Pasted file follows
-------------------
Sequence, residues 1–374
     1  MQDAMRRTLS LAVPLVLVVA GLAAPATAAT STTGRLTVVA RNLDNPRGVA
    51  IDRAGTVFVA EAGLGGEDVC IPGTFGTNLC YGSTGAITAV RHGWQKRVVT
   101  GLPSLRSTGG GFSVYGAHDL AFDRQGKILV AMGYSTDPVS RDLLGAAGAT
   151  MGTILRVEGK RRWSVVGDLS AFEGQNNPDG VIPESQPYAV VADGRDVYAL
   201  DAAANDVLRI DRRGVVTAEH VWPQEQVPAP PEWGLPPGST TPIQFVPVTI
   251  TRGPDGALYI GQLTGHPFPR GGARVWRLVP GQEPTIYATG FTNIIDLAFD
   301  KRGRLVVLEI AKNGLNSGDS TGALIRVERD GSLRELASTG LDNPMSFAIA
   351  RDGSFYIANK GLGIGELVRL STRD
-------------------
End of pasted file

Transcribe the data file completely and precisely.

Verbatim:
Sequence, residues 1–374
     1  MQDAMRRTLS LAVPLVLVVA GLAAPATAAT STTGRLTVVA RNLDNPRGVA
    51  IDRAGTVFVA EAGLGGEDVC IPGTFGTNLC YGSTGAITAV RHGWQKRVVT
   101  GLPSLRSTGG GFSVYGAHDL AFDRQGKILV AMGYSTDPVS RDLLGAAGAT
   151  MGTILRVEGK RRWSVVGDLS AFEGQNNPDG VIPESQPYAV VADGRDVYAL
   201  DAAANDVLRI DRRGVVTAEH VWPQEQVPAP PEWGLPPGST TPIQFVPVTI
   251  TRGPDGALYI GQLTGHPFPR GGARVWRLVP GQEPTIYATG FTNIIDLAFD
   301  KRGRLVVLEI AKNGLNSGDS TGALIRVERD GSLRELASTG LDNPMSFAIA
   351  RDGSFYIANK GLGIGELVRL STRD